2013 PREMIER PROJECT AWARD WINNERS
The EWB-USA premier projects are chosen annually based on the community projects they have worked on over the past year. The award recognizes excellence in EWB-USA projects and highlights projects that deliver high quality, sustainable solutions to help meet the basic needs of partnering communities abroad. Read about these amazing projects here:
LAFAYETTE COLLEGE CHAPTER | El Convento, Honduras | Water Supply
The EWB-USA Lafayette College chapter’s water supply project in El Convento, Honduras is recognized as a 2013 Premier Project because it incorporates best practices in sustainability through community involvement. Prior to the implementation of this water supply project, the community of El Convento in rural Honduras collected water from a polluted stream that ran through the community. The chapter assessed the needs of the community through water quality testing, an extensive community needs survey and land surveying. In 2006, the chapter and the community decided to build a water treatment and distribution system that reached all members of the El Convento community in order to improve the health and welfare of the village.
The Lafayette College chapter began to implement the water distribution system in 2010. Since then, the chapter has successfully fostered long-term, meaningful relationships with El Convento. They have works diligently to ensure the community stake in the project by periodically collecting input through a community needs surveys. The community’s level of involvement was demonstrated when they took on some tasks themselves after the chapter returned to the United States.
PRINCETON UNIVERSITY CHAPTER | Ashaiman, Ghana | Structure
The EWB-USA Princeton University chapter’s library structure project in Ashaiman, Ghana is recognized as an example of a well-designed, community-implemented and sustainable project. The team performed extensive assessments and involved not only the host NGO, but separate community groups throughout the design development phases.
The Ghana School Library Project was created after a successful implementation trip in the summer of 2011. In the end, a library was constructed using sustainable landcrete blocks and was stocked with more than 7,000 books and 37 One Laptop Per Child (OLPC) computers. In addition, a variety of training programs were conducted in order to educate members of the community on how to best use and maintain the resources provided.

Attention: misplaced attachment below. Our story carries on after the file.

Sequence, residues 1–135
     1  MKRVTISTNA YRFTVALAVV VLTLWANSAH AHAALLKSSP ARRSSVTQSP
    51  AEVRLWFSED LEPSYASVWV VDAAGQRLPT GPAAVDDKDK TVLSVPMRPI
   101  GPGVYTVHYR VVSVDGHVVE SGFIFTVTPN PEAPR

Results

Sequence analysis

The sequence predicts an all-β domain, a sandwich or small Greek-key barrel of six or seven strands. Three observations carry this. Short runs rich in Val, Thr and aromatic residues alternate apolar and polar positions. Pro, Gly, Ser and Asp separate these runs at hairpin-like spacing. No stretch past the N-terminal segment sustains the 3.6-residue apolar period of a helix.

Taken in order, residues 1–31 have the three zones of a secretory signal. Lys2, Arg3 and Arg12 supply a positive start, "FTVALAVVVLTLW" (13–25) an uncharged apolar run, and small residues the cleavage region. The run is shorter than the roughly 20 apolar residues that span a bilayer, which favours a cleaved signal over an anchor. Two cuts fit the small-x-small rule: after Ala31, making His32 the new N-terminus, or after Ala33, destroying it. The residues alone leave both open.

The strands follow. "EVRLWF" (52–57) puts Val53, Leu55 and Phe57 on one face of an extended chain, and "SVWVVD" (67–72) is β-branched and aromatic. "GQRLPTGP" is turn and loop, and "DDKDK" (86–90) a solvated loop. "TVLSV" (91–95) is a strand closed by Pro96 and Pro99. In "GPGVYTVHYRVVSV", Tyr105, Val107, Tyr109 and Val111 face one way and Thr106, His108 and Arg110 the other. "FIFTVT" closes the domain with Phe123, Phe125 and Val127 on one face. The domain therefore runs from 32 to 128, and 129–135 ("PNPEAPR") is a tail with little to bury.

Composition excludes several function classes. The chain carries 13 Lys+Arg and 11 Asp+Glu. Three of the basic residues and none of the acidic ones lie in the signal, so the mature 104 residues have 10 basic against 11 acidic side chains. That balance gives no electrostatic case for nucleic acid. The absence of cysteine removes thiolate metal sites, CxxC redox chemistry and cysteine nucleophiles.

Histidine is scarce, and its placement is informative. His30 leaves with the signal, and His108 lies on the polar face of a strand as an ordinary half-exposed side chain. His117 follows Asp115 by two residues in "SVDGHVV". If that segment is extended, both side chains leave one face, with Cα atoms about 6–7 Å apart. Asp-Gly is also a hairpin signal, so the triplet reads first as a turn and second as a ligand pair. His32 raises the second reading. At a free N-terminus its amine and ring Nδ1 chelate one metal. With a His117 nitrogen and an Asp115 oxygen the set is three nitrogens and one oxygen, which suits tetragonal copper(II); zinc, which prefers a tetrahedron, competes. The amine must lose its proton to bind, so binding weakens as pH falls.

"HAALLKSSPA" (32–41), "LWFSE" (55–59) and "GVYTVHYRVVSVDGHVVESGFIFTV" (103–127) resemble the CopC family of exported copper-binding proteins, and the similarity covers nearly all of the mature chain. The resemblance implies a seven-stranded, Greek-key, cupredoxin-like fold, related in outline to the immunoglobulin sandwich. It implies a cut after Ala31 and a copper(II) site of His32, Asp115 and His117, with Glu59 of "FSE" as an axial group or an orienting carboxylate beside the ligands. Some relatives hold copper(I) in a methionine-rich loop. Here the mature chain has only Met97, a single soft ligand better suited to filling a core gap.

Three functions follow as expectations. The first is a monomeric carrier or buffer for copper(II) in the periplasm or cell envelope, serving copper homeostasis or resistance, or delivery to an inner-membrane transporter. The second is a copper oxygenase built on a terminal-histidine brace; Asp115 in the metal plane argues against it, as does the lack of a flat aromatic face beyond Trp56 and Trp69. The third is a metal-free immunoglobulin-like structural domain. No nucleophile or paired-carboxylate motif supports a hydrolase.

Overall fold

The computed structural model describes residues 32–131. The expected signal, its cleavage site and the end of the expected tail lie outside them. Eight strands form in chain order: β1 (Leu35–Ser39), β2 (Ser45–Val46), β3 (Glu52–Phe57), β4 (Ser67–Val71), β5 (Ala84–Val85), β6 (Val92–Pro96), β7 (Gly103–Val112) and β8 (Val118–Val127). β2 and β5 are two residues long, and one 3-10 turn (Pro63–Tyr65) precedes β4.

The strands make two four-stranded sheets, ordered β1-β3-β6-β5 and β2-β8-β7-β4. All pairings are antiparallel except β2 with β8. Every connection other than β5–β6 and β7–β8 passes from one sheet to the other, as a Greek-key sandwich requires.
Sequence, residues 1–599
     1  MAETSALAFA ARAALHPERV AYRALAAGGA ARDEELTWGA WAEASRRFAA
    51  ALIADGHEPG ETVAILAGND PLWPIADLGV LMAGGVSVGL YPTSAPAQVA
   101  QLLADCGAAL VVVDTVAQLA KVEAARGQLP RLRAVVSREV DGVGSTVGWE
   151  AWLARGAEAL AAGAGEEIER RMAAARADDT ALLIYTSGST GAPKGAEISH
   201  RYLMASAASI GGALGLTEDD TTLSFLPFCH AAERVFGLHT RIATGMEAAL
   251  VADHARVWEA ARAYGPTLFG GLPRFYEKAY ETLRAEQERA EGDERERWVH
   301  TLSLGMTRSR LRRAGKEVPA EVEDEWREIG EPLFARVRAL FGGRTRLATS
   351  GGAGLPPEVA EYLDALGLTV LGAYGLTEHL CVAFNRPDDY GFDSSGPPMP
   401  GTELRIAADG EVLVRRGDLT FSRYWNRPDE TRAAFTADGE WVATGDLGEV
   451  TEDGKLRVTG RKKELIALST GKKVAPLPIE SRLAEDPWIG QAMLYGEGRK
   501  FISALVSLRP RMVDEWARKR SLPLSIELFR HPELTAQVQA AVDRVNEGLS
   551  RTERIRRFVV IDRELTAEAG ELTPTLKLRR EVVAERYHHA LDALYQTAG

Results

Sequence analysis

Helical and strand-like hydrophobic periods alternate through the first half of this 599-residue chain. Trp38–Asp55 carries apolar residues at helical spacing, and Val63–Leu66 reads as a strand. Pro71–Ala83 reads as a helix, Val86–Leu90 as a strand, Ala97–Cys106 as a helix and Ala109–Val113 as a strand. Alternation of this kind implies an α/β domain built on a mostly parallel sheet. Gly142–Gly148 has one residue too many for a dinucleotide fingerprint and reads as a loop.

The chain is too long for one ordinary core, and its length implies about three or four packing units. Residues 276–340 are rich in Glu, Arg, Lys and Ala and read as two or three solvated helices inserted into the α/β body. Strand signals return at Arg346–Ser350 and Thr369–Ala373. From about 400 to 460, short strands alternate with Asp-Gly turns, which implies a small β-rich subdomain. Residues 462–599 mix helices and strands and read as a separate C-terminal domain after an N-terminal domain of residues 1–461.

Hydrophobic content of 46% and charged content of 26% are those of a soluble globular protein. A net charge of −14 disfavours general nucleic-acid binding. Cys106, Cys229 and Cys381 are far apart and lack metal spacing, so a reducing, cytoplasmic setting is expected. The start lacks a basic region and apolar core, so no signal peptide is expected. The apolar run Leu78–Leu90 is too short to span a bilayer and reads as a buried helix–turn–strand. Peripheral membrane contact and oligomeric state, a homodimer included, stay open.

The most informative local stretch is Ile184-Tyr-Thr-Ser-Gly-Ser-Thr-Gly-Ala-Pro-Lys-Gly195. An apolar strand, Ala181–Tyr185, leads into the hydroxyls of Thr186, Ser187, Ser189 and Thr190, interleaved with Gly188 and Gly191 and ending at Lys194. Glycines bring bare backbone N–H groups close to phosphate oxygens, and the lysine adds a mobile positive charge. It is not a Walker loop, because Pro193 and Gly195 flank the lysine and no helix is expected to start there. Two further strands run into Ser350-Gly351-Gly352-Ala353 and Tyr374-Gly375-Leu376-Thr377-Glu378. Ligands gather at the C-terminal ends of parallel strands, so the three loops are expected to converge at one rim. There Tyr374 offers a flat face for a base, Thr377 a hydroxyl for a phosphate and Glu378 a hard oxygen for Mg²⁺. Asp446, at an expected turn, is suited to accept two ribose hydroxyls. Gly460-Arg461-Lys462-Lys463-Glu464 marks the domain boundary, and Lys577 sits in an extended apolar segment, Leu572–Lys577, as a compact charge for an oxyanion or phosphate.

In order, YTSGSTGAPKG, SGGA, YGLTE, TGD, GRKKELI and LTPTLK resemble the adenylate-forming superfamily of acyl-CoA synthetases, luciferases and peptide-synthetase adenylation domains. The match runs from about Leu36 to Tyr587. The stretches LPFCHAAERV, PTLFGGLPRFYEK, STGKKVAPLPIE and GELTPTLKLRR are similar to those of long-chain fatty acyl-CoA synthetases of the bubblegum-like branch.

In the summer of 2012, the Ghana team returned to Ashaiman for a monitoring trip to close out the program. As a result, the community of Ashaiman has a well-stocked library that serves the needs of the local school and the community members at large. They have worked with the community leadership to develop a sustainable system for running the library, including librarian training, ensuring that they did more than build a building with the community, but created a community-wide resource.
OREGON STATE UNIVERSITY CHAPTER | Lela, Kenya | Water Supply
The EWB-USA Oregon State University chapter recently completed the successful implementation of a community well and rainwater catchment system in Lela, Kenya.
After three years of preparation which included a health survey, technical water source assessment, GPS mapping, and an alternatives analysis, EWB-USA OSU determined the best options for implementation were to drill a community water well and build a rainwater catchment system at the Lela Primary School. In July 2012, a team of students and one technical mentor traveled to Lela to oversee the construction of both systems. The trip was a success, and Lela now has improved access to potable water.
The team worked diligently to continually build the capacity of their team, think through all technical and non-technical aspects of the project, and establish a realistic schedule and scope that has led to significant progress over a relatively short period of time.